Felsenthal and Machover (1998) proposed three postulates, namely, the transfers principle, the bloc principle and the dominance principle as the major desiderata for an index of power. The transfers principle requires that the power of voter j should not increase if he donates a part of his voting right to another voter i. According to the bloc principle, under a voluntary merger between two voters a and b, where b is capable of affecting the voting outcome, the power of the merged entity will be at least as large as that of a. The dominance principle demands that if voter j’s contribution to the victory of a resolution can be equaled or bettered by another voter i, then i should not possess lower power than j^{1}.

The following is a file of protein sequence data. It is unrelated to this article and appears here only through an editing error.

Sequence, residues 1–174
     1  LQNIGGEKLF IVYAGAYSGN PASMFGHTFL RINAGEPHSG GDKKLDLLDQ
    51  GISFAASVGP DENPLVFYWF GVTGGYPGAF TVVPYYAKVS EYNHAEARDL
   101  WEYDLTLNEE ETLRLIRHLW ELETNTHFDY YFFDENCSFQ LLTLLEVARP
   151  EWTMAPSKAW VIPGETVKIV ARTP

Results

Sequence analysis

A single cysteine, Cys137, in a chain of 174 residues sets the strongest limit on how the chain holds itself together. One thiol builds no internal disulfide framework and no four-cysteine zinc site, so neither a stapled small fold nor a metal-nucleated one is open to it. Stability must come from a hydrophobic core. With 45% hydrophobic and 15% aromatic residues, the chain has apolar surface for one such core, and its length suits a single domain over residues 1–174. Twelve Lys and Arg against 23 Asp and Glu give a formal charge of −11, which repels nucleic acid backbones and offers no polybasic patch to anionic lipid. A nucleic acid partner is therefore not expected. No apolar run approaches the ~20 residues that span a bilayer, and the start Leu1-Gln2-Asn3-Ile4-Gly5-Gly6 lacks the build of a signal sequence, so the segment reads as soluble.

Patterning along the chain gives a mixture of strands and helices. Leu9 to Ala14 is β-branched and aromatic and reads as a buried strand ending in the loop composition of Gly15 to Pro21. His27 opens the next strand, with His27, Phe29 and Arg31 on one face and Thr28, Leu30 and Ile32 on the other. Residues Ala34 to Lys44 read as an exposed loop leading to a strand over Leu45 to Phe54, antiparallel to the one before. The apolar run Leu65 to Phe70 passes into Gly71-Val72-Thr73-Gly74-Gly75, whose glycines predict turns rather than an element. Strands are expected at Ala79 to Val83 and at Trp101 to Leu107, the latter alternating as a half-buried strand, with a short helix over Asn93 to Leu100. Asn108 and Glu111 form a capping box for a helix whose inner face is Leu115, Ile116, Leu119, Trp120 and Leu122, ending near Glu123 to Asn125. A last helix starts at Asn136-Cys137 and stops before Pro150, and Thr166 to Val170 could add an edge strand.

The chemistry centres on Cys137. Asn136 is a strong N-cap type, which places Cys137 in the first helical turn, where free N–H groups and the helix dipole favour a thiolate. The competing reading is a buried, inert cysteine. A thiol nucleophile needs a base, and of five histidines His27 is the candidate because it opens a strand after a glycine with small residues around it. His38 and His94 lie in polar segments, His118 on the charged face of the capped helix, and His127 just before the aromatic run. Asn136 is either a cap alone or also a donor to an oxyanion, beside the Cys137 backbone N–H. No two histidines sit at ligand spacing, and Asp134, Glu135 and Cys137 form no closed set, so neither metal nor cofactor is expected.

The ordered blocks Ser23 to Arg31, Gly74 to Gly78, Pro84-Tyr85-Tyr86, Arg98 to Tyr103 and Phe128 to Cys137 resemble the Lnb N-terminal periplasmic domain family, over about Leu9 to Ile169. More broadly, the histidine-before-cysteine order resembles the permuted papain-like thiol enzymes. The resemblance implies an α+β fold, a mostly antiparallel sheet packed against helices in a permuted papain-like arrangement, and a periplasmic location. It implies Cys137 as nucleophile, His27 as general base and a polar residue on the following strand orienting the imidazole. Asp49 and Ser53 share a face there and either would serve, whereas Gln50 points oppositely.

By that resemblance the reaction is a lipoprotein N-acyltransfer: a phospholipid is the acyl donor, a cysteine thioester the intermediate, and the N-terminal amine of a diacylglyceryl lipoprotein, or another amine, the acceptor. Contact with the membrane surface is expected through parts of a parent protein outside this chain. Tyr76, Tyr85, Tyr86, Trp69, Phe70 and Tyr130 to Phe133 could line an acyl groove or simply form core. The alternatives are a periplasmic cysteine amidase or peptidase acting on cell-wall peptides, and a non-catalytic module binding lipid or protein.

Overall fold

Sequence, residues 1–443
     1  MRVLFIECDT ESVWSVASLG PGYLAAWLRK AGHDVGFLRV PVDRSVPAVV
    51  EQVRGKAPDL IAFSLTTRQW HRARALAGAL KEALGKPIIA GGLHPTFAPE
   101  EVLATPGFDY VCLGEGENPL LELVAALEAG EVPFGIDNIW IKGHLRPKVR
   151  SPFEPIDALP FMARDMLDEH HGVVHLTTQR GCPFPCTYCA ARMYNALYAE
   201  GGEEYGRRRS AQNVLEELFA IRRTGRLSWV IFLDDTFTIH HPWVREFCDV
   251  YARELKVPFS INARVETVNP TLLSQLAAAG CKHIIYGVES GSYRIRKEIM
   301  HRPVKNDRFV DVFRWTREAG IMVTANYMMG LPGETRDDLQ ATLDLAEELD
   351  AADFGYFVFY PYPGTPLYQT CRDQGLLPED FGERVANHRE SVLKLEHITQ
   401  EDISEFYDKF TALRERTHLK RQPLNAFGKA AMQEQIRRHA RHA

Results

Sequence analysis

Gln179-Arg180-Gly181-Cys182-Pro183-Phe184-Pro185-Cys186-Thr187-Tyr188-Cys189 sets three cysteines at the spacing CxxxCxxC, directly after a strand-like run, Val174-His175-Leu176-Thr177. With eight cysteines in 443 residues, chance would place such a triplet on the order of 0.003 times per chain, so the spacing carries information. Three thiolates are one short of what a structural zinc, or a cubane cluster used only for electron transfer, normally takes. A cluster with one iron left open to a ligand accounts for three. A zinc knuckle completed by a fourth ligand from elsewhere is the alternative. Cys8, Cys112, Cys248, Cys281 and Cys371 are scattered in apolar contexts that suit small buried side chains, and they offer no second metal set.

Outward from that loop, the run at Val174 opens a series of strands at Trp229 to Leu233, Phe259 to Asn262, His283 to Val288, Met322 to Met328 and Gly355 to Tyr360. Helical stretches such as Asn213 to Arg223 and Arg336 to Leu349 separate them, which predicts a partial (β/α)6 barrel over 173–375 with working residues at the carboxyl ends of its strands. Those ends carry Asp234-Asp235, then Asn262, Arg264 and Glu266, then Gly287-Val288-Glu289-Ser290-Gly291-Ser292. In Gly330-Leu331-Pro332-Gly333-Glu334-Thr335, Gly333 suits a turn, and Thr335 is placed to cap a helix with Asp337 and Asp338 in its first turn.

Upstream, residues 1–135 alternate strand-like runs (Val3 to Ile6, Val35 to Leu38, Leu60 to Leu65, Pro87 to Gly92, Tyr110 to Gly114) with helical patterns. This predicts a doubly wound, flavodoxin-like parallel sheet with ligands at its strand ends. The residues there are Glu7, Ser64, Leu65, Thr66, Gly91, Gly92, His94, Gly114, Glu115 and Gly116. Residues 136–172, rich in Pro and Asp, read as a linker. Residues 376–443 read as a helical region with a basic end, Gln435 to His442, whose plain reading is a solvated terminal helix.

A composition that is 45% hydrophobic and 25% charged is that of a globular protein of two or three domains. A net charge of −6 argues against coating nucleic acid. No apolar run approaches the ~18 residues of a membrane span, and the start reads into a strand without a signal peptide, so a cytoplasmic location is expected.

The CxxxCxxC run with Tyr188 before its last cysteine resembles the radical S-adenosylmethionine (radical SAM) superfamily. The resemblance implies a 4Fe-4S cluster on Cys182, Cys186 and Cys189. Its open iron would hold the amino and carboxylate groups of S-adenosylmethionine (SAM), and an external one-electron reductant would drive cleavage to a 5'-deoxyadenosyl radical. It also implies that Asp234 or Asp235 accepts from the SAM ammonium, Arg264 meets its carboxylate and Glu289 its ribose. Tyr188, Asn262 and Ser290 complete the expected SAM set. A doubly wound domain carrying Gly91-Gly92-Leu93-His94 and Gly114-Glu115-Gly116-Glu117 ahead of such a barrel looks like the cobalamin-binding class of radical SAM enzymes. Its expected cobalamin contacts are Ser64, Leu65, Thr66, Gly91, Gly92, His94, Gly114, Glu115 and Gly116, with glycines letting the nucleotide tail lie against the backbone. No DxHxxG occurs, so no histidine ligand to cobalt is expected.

The objective of this paper is to examine the two Coleman indices in the light of different postulates suggested by Felsenthal and Machover (1998). It is shown rigorously that these indices satisfy the three principles. We also establish a formal relation between these two indices. We then show that an attainable upper bound of the power of a voter to prevent act, namely, the number of winning coalitions in which the voter is swing divided by the total number of winning coalitions containing the voter, can also be regarded as a suitable index of power in the sense that it satisfies the transfers, bloc and dominance principles. We refer to this upper bound as the transformed preventive index.